'Snow': Shanghai Review
A sadly familiar and current family meltdown, Iranian style.
by Elizabeth Kerr, hollywoodreporter.com
Mehdi Rahmani’s SIFF competition entry presents a view of Iran's struggling middle class for his third feature. “Snow” has previously been shown at Shanghai, Mumbai and, recently, São Paulo.
A solidly middle-class Tehran family sees its fortunes and status vanish overnight in Mehdi Rahmani’s Snow, a contemporary domestic drama rooted in the fragility of modern life as it is influenced by economics and appearances. Rahmani returns to the familiar family territory of his debut, The Other, in a story about an average Iranian clan grappling with subjects too many outside the country forget exist there too.
Pride, fortune, ambition and personal sacrifice are among the issues that lace co-writers Hosein Mahkam, Babak Mirzakhani and Rahmani’s script. Though Snow tips over into soap opera on a few occasions it’s also a universally resonant look at financial desperation post-2008 and so should have a healthy life on the festival circuit.
Snow begins with an ominously stark and haunting cool afternoon (the piano-driven soundtrack helps) as Omid (Mohamad Reza Ghafari), a soldier on leave, arrives at his family homestead. He’s hoping to surprise his family, especially his mother Hayedeh (Roya Teymurian) with a visit. What he walks into, however, is a home on the brink of financial ruin and personal collapse and just barely holding it together for appearances' sake. His older brother, Majid (Afshin Hashemi), has blown the family’s money on crazy schemes and unspecified “deals” that went south, he’s pilfered their mother’s charity treasury and landed their father Jalil in jail. He’s also squandered his divorced sister Sara’s (Anahita Afshar), dowry, just as she’s expecting her new fiancé to arrive from his fancy BMW job in Germany to propose marriage. Worse still Jalil is being held by the police for defaulting on one of Majid’s loans and he’s waiting for bail money. Everyone’s on edge, but Sara’s impending nuptials lighten the mood, and when her closest friend Khatereh (Mina Sadat) shows up to lend a hand a giddy kind of happiness settles over the house for a while.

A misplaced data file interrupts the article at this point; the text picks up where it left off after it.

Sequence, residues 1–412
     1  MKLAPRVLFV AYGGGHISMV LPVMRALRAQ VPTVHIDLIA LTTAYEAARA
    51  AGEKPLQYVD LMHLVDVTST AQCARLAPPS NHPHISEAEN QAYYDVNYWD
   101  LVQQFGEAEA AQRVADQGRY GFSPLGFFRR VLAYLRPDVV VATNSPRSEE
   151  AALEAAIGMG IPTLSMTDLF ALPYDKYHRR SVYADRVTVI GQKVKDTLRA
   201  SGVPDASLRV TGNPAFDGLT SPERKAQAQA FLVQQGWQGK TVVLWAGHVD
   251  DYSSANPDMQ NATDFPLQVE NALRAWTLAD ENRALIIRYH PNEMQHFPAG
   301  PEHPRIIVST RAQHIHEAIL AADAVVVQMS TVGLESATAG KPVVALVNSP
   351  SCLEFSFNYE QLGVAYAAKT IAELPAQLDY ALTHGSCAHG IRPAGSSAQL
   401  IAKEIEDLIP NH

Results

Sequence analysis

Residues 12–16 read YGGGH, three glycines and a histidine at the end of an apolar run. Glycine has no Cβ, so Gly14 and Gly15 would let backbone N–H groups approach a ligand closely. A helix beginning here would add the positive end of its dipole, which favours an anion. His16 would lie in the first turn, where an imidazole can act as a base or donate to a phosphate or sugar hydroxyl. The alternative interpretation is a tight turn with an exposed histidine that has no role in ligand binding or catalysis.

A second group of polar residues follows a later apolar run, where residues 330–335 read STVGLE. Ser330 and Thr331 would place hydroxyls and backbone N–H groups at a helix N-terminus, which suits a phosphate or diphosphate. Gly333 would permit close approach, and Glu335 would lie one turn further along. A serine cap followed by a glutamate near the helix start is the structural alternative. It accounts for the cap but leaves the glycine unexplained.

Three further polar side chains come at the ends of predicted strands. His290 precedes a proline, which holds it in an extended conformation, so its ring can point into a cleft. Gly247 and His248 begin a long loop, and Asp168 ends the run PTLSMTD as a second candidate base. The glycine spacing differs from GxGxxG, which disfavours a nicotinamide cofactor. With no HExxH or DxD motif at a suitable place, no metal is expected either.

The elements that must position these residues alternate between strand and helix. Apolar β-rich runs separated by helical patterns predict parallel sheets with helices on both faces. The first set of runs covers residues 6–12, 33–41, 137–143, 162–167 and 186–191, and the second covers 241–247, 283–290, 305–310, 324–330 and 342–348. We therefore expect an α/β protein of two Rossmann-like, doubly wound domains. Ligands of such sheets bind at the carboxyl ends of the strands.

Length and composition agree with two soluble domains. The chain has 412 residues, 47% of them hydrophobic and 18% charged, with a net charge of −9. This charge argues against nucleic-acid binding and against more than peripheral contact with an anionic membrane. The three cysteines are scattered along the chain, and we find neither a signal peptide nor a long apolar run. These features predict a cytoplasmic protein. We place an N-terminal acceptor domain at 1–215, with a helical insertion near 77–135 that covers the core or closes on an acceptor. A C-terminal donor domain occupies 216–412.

When the family elder, Hayedeh’s mother-in-law (Rabe Madani) finally shows up she has a calming effect in the immediate term, as she takes control, promises to negotiate with Sara’s fiancé and otherwise handles the thorny issues that are causing all the drama. The ugly truths the family is dealing with finally rise to the surface when Khatereh commits a single, nearly devastating act that shifts the dynamic—maybe for the better—and Sara’s ex-husband Hamed (Milad Keymaram) shows up to call in a debt at the wrong time. Nonetheless his presence acts as the catalyst for some real honesty from Sara.
With the exception of the more colorful interior of the house, there’s a suitably gray pall that hovers over the action and the family and the story ends on a realistically downbeat note; Jalil and Sara's fiancé loom large in their absence. Performances are solid across the board, particularly Afshar as the aspirational Sara, who brings a recognizable edge to a young woman who just wants a taste of the finer things in life.
Venue: Shanghai International Film Festival
Cast: Mohamad Reza Ghafari, Roya Teymurian, Afshin Hashemi, Rabe Madani, Anahita Afshar, Mina Sadat, Milad Keymaram, Shirin Yazdanbakhsh
Director: Mehdi Rahmani
Screenwriter: Hosein Mahkam, Babak Mirzakhani, Mehdi Rahmani
Producer: Mehdi Rahmani
Director of photography: Amin Ja’fari
Production designer: Mehdi Rahmani
Costume designer: Vida Roshani
Editor: Hasan Hassandoost
Music: Babak Mirzakhani
Sales: Iran Novin Film
No rating, 86 minutes